Friday, June 20, 2008

Gifted and talented policies: the NY Times finally catches up

The NY Times had a front page story yesterday describing how the Chancellor's changes to the Gifted and Talented admissions process have led to far less diverse group of students being served by the program, both economically and racially, a fact that was pointed out weeks ago on our blog as well as in a far more detailed manner, Eduwonkette’s.

Months before that, when the city first proposed to centralize the G and T admissions process and base its decision solely on uniform cut off scores on standardized exams, we pointed out that this would likely significantly diminish diversity and benefit wealthier students at the expense of poor and minority kids.

Here are excerpts from entries that Patrick Sullivan, Debbie Meier and I wrote about the likely effects of Klein's policies back in Oct. and Nov: here, here and here.

Apparently others warned the DOE as well, including Joseph Renzulli, who serves as a consultant to a city task force on the gifted.

Using standardized exams for high stakes decisions has a racially disparate impact, according to the National Academy of Sciences task force on the subject – and thus is racially discriminatory.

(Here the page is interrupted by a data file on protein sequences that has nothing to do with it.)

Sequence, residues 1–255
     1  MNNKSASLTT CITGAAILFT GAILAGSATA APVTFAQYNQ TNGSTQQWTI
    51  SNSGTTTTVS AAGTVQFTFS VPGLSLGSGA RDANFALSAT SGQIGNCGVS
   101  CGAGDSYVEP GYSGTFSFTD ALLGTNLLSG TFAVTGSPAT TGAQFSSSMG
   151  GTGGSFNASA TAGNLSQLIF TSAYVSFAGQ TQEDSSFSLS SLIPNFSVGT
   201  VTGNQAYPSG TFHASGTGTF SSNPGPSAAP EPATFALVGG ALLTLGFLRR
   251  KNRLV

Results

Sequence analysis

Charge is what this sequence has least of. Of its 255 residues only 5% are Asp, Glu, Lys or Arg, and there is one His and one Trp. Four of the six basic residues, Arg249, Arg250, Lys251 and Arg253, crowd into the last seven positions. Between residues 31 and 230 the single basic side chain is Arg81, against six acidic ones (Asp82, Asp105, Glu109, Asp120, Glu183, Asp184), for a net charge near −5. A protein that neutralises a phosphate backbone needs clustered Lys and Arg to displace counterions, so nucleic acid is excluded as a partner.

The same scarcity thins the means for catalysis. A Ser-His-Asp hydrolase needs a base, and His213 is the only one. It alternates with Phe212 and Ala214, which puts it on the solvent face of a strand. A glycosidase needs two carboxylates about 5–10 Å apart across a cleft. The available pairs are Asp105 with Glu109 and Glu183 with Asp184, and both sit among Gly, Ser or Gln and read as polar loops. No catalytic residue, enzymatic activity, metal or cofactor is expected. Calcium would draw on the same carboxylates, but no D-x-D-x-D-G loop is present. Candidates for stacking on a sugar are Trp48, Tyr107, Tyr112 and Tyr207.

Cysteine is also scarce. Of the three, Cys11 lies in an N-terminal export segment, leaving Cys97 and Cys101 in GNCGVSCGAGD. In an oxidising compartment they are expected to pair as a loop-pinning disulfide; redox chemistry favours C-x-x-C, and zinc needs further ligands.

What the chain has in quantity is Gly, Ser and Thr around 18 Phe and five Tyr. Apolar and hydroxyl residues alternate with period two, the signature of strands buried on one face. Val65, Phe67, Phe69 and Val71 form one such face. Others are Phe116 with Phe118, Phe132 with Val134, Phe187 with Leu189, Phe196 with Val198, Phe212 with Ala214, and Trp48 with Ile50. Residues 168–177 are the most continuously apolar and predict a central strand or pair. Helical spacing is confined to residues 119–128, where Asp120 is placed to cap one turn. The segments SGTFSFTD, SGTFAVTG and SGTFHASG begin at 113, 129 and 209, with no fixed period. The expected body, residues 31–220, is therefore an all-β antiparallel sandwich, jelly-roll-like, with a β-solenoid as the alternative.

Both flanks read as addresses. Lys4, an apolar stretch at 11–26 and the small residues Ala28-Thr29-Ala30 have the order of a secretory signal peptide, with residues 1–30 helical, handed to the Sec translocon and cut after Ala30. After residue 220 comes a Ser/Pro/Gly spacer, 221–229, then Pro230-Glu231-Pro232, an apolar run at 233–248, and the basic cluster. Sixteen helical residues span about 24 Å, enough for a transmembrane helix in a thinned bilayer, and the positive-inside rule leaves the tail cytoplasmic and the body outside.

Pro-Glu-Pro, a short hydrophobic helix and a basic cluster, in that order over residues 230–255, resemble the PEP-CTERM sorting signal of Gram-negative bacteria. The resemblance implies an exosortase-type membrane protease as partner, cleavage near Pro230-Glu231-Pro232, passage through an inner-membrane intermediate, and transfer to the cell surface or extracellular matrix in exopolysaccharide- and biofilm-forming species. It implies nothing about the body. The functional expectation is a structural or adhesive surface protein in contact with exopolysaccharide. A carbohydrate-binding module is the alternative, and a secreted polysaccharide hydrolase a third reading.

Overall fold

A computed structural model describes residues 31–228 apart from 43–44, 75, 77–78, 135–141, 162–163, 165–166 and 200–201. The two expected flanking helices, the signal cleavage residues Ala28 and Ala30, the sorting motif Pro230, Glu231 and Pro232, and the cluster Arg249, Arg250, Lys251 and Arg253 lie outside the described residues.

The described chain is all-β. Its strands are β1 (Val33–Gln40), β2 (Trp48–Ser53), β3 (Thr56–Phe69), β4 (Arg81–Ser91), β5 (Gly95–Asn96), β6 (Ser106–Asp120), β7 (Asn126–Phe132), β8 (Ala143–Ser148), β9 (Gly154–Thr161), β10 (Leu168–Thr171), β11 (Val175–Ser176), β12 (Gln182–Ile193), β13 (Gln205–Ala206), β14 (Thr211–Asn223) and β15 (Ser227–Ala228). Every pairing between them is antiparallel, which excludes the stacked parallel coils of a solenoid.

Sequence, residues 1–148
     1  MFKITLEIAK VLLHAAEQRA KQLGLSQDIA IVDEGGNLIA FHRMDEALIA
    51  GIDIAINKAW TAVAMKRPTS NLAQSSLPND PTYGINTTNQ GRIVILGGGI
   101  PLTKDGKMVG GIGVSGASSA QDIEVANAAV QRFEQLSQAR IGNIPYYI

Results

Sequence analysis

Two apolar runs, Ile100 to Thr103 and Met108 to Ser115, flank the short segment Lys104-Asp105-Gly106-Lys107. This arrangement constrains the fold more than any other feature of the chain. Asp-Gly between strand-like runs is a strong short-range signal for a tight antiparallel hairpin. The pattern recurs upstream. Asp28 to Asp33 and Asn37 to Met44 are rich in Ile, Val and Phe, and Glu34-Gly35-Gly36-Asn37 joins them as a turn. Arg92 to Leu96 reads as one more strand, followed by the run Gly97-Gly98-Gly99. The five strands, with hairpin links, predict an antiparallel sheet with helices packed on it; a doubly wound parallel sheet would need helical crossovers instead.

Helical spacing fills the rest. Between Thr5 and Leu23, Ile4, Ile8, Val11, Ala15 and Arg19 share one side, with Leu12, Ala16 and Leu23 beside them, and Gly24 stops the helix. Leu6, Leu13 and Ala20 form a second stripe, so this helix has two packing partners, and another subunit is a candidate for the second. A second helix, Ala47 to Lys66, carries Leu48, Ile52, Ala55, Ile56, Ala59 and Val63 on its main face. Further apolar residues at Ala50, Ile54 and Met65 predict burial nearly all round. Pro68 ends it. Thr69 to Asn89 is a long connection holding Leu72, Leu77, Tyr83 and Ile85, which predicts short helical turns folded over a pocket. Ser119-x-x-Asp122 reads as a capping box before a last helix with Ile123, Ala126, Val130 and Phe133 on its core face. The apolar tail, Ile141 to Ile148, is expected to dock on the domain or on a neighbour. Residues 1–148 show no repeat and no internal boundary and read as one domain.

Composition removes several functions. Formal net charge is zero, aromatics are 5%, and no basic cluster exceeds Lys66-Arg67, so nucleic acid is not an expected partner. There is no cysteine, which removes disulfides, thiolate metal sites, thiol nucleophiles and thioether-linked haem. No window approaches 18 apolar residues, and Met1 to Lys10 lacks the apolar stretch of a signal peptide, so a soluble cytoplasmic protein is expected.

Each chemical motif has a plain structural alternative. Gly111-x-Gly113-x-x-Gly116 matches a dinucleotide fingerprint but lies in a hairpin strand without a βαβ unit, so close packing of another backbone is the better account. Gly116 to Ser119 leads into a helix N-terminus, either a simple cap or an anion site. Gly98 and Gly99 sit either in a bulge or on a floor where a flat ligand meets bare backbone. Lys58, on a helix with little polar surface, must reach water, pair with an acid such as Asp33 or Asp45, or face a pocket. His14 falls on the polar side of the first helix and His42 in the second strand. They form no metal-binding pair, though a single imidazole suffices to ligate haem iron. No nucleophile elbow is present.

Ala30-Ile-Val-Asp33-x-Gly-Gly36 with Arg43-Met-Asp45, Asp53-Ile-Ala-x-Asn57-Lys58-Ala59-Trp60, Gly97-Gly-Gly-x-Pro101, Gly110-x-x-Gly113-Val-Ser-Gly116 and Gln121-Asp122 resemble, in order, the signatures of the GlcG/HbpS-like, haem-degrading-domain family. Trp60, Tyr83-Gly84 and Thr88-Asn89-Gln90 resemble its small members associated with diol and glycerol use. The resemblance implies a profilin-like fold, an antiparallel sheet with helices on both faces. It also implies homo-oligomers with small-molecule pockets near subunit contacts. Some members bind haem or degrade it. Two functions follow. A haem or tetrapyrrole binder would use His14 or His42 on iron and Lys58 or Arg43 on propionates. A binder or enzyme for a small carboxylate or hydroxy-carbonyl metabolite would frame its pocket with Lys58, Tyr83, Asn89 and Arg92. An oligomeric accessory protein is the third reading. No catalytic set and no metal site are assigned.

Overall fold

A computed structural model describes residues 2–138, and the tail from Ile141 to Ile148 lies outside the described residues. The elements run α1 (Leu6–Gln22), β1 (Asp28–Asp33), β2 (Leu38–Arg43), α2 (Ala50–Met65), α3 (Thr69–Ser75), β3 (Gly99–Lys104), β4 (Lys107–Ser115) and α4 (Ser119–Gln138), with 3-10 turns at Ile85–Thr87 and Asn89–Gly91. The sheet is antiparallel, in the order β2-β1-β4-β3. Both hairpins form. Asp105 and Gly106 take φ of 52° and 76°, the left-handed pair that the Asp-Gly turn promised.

But Joel Klein’s notion of “equity,” as it is becoming more and more clear, is not to increase diversity and opportunity for all kids – but to base all decisions on abstract, numerical formulae that he and his minions devise without input from anyone else – like the DOE's controversial "fair student formula" that would cut half of all failing schools by an average of $400,000, and the absurd formula for school grades -- no matter what the results or the real impact on kids.

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